courtesy of the Niagara Falls (Ontario) Public Library 


William Leonard Hunt was born Lockport, New York in 1838. Hunt was raised and educated in Port Hope, Ontario. He had dual citizenship.

During the early summer of 1860, a young 22 year old Hunt watched intently from the shore of the Niagara Gorge as Blondin made his way across the Niagara Gorge by walking across a rope strung from side to side. Hunt turned to his girlfriend and proclaimed that he could do what Blondin could. That night, Hunt and his girlfriend returned to Lockport, New York. Hunt was working for the father of his girlfriend as a store keeper, gave notice to his employer that he was quitting to pursue his career dream as a rope walker in order to challenge Blondin. His girlfriend immediately broke off their engagement.

During the summer of 1859, Hunt was offered $100 to perform at a local fair in Port Hope. Hunt demanded $500 on the condition that he would stand on his head above the Ganaraska River. Hunt carried out this performance with a borrowed rope. He walked back and forth across the river without a balancing pole. In addition, he stood on his head, did somersaults and walked blind folded as he had promised. Hunt was an extremely strong young man and had won a tug of war over six other men single handed.

William Hunt changed his name to Signor Guillermo Antonio Farini. He would quickly become known as "The Great Farini". Farini left his home in Port Hope after his father accused him of being a disgrace to his family by becoming a circus performer.

Farini moved to Minnesota and for a short time worked at his uncle's general store. Farini then joined the Dan Rice's floating circus on the Mississippi River. Farini was reunited with his family after buying his father a farm.

Farini issued a series of challenges to Blondin but they remained unanswered. Blondin was a more polished acrobat however Farini was a much more powerful performer and a much better businessman. Blondin usually took a collection at the end of each performance while Farini marketed and packaged his performances to ensure a larger audience and financial success.

Farini's first performance at Niagara Falls occurred on August 15th 1860. Farini began the tightrope walk while carrying a balancing pole and an additional coil of rope strapped to his back. When Farini reached the mid-point he tied the pole to the tightrope and using the coil of rope he carried with him, Farini lowered himself to the deck of the Maid of the Mist boat 200 feet below. Getting down was relatively easy. On the deck of the boat, Farini drank a glass of wine before ascending back to the tightrope above. This task was much more demanding than Farini anticipated. Farini was near total exhaustion and nearly fell on several occasions. Farini did make it back to the tightrope, and continued to the shoreline. After a brief ten minute rest, Farini made the return crossing blindfolding and wearing baskets on his feet. This was the first and only time that Farini tried lowering himself from the tightrope to the river below. Blondin did not try to equal this feat.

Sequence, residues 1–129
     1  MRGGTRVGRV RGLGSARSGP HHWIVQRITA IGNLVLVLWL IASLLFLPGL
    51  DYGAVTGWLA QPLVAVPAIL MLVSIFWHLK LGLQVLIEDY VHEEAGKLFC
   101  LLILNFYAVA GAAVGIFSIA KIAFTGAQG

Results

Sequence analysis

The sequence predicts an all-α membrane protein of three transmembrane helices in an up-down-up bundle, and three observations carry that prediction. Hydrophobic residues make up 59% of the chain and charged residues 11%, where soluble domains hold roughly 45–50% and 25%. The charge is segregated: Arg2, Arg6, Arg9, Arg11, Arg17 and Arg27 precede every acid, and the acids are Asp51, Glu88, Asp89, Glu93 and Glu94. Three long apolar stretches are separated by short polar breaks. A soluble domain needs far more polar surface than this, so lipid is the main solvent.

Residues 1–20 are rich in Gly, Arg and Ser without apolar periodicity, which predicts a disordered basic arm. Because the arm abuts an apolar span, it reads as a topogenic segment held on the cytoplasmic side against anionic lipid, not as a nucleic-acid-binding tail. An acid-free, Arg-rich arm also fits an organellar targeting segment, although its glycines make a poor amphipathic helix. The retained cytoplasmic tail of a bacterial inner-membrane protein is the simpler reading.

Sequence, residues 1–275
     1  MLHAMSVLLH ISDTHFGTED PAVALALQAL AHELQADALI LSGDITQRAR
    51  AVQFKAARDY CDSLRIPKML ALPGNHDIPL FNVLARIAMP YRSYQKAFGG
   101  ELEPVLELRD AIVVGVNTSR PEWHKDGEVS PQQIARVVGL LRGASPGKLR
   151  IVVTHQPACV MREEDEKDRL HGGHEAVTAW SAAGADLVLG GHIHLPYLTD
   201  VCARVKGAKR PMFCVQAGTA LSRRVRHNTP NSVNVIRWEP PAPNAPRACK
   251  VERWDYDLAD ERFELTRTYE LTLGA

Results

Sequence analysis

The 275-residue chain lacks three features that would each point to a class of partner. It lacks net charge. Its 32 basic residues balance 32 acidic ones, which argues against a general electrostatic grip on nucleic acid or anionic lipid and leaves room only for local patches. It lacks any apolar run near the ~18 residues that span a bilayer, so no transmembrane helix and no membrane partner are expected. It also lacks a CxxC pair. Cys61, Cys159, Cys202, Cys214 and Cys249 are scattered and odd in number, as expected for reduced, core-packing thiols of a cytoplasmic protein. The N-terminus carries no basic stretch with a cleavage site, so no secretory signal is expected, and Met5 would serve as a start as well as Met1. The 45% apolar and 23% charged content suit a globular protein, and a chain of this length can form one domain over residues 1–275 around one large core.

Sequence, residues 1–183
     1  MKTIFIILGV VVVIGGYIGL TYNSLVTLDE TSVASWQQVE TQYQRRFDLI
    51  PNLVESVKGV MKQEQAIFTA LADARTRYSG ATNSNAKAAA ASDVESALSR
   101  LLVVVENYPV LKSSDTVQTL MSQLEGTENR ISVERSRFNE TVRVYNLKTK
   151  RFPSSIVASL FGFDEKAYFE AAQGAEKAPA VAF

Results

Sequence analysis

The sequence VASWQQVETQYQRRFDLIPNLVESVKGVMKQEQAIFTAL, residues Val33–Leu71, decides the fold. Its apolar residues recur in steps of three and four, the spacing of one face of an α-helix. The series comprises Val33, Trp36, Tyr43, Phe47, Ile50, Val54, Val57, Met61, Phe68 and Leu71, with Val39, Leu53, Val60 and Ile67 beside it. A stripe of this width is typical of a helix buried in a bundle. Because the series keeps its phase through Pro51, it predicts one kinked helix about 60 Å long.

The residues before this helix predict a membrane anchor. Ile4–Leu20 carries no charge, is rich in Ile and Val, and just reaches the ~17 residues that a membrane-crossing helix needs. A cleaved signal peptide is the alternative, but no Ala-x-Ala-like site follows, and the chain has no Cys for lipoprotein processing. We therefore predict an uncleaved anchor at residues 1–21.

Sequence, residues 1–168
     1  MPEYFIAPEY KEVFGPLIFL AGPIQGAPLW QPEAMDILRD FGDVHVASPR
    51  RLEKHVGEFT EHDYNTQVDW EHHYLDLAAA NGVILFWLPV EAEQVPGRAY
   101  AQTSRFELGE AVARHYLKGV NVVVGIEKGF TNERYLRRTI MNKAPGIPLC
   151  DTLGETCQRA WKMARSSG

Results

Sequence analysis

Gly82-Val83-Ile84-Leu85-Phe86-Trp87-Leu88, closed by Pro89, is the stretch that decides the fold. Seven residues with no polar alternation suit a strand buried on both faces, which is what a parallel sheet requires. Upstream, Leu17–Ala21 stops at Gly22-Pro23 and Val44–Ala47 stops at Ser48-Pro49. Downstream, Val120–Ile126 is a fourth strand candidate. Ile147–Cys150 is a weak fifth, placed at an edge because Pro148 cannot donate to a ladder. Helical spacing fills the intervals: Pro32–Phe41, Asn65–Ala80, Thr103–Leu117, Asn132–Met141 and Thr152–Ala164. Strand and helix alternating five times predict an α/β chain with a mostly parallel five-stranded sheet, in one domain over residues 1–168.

In the weeks that followed, Farini matched or surpassed each of Blondin's performances. Farini balanced himself on his head, hung from the tightrope by his toes and carried a person across the Niagara Gorge on his back. On September 5th 1860, Farini carried an Irish washer woman across the gorge on his back to counter an earlier performance by Blondin. When Blondin took out a stove on the tightrope and cooked an omelette, Farini carried a washtub out on the tightrope. He then lowered a bucket to the river below to retrieve water in order to wash a dozen handkerchiefs. Farini had a driving desire to be the best.

Farini performed at Niagara Falls twice each week. Although his acts were more daring and drew larger crowds, he never achieved the fame that Blondin did. Blondin received most of the attention and most of the press.

For Farini, tightrope walking was but one of his many interests throughout his life. During his life he was an inventor, an explorer, writer, secret service agent, painter and sculptor. In 1862, while performing a tightrope walk above a bull ring in Havana, Cuba, a female he was carrying on his back fell to the ground below. The female dies several days later.


Farini dangling from the tightrope

The Great Farini hanging from the tightrope over the Niagara River Gorge

courtesy of the Niagara Falls (Ontario) Public Library 


On August 8th 1864, Farini returned to Niagara Falls and attempted to perform another death defying feat. Farini wearing a pair of specially made stilts waded out into the cascading water just above the American Falls. Farini planned to walk to the brink of the Falls but one of the stilts he was wearing was caught in a crevice in the riverbed causing it to break. Farini suffered a badly injured leg but was still able to reach Robinson Island which is nearest the Luna Falls. Here he was rescued. Farini left Niagara Falls defeated and deflated.

In 1866, Farini took his tightrope and circus act to England, Europe, Africa and the Middle East. During the years that followed, Farini did many other things with his life. He was an explorer and during the American Civil War, Farini was a member of the Secret Service for the Confederate Army, The Great Farini returned to Canada in 1899. He took up the art of oil painting. He remained active in his later years as well.

William Leonard Hunt, aka: The Great Farini died in January of 1929 at the age of 91 years. Farini is buried in Port Hope, Ontario. The Great Farini was one of the worlds greatest tightrope walkers to ever conquer Niagara.